Command Broiler starts bearing fruit

Command Broiler starts bearing fruit
Published: 25 May 2018
Poultry farmers who benefited under the Government's Command Broiler Programme in Goromonzi have started delivering their birds to Kudu Creek Abattoir for processing.

The birds are coming mostly from villagers, AI farmers and a few from A2 farmers.

Speaking after touring one of the seven pilot projects at Kudu Creek Abattoir in Goromonzi District on Tuesday, the National Taskforce, Special Programme on Crops, Livestock, Fisheries and Wildlife Production chairman Mr Justin Mupamhanga said the farmers have started harvesting their "fruits".

"Goromonzi, which received the first batch of chicks, has completed the cycle and the chicks are ready for the market," said Mr Mupamhanga.

He said that Sakunda Holdings is the offtaker of the chicks and is buying the birds at $2,50 per kg of live weight.

"They have directed that the birds be taken to Kudu Creek for processing," said Mr Mupamhanga, who is also the Deputy Chief Secretary to the President and Cabinet.

"Stop order forms signed by each farmer are in place and the farmers will be paid by the Government through funding by Sakunda within seven days of delivering their birds to the abattoir and after the cost of inputs plus four percent surcharge has been deducted."

Mr Mupamhanga described the broiler project as another successful story under Command Agriculture.

"The pilot programme has given us confidence and we are going to be rolling out the programme to other provinces countrywide," he said.

"It is, however, going to be staggered so that we do not destabilise the market."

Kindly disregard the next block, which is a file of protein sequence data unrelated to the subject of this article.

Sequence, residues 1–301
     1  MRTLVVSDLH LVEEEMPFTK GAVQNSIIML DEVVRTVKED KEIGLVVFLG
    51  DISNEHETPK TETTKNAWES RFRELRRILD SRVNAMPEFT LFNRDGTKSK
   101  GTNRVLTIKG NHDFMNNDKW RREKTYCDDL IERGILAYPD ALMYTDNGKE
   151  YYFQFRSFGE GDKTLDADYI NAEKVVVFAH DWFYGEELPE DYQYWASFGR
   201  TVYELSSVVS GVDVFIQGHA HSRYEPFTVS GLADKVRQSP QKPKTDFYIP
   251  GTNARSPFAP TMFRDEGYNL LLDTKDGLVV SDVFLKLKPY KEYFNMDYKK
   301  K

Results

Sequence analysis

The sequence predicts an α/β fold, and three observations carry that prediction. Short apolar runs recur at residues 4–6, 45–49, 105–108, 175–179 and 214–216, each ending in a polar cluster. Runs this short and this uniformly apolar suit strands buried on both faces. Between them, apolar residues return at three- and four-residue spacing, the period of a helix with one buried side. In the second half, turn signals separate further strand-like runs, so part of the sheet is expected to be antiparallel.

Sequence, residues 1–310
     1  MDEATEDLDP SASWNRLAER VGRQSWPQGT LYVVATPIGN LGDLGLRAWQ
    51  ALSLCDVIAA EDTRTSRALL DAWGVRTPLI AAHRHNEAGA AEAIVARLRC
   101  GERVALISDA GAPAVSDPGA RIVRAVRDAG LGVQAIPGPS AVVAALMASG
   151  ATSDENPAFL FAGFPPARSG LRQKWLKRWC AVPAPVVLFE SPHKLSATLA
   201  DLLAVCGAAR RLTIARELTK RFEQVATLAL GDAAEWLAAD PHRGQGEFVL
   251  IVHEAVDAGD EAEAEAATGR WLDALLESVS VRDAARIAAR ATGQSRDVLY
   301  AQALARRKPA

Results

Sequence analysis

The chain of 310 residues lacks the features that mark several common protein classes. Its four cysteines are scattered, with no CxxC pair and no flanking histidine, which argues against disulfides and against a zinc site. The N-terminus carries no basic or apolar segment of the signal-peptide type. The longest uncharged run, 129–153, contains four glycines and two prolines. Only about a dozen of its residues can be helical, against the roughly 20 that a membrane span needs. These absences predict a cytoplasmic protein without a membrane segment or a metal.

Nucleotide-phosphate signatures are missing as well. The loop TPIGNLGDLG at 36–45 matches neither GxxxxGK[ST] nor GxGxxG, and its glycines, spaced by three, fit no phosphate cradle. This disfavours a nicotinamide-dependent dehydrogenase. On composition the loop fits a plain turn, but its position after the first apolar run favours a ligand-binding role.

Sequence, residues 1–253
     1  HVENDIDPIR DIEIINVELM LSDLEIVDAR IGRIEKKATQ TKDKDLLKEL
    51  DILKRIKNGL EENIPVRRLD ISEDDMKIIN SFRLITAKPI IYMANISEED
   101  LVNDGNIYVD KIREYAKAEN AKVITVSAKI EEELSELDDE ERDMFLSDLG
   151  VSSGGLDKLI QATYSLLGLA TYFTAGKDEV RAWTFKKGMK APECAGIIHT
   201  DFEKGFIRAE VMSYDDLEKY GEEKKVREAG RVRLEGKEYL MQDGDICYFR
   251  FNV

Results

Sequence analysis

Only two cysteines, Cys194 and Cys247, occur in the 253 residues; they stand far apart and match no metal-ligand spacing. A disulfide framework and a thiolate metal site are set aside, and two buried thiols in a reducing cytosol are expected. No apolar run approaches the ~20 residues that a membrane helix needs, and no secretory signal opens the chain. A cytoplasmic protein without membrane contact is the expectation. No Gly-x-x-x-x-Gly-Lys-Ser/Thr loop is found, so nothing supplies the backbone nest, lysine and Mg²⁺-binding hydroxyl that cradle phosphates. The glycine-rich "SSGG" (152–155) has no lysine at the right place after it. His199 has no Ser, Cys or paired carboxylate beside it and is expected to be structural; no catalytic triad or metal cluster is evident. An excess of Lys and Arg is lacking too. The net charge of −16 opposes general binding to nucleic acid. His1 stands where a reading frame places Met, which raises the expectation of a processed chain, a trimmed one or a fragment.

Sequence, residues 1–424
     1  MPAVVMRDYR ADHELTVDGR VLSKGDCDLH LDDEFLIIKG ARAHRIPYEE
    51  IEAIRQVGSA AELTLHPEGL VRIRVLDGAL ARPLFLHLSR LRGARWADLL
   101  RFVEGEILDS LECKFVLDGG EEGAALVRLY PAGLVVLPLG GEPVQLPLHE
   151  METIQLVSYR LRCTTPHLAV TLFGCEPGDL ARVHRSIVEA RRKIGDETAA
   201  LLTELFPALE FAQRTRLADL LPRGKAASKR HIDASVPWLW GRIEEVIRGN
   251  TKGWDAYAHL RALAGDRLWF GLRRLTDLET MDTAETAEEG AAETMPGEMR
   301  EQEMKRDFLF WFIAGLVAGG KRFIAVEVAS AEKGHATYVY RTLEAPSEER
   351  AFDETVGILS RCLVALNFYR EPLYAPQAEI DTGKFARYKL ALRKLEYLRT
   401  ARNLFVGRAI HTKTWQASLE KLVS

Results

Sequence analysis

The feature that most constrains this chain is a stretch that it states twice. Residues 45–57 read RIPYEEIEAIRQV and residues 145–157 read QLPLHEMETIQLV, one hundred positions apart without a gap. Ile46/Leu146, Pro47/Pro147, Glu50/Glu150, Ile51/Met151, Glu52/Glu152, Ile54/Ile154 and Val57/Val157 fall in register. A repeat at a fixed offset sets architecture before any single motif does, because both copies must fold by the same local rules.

So far, there are seven pilot projects running in various districts.

The first district to receive 20 000 birds was Goromonzi on April 18. The other districts were Mazowe, Zvimba, Seke and Murehwa, which also received 20 00 birds each.

Mr Mupamhanga said the chicks were distributed to 66 beneficiaries and the project is yet to cover the three remaining districts of Shamva, Marondera and Harare. The project has a cycle of 35 days.

Earlier on, Mr Mupamhanga and his delegation were taken through the processes at Kudu Creek Abattoir.

Upon arrival, the birds are weighed, then taken for slaughtering, cleaning and packaging.

"The process we saw here is sufficient proof that what President Emerson Mnangagwa initiated when he was then Vice President, is bearing fruits that are tangible," he said.

Speaking at the same occasion, one of the directors of Kudu Creek Abattoirs, Mr Ozias Bvute, hailed the national taskforce for touring their abattoir to witness the work being done.

He pledged to continue complimenting Government's effort to restore the nation to its bread-basket status it was known for.

"We are confident that as the programme seeks to gather steam, more of our people are going to be empowered," said Mr Bvute, whose abattoir project employs at 600 workers. We will continue with this good work for our nation."

The Command Livestock was launched in December last year and was built on the success of the Command Agriculture of the 2016-2017 season, which saw the country producing enough grain to meet the national demand.

Sakunda, a company in the fuel business, pledged to support the beef component by investing $10 million for beef production. At least 200 head of cattle worth $167 000 were bought and distributed during the Zimbabwe International Trade Fair.

Matabeleland South and Matabeleland North each got 100 cattle on a cost-recovery basis.

Sixty-six farmers from both provinces benefited.

The turnaround period for this sector is five years.
- the herald
Tags: Mupanhanga,


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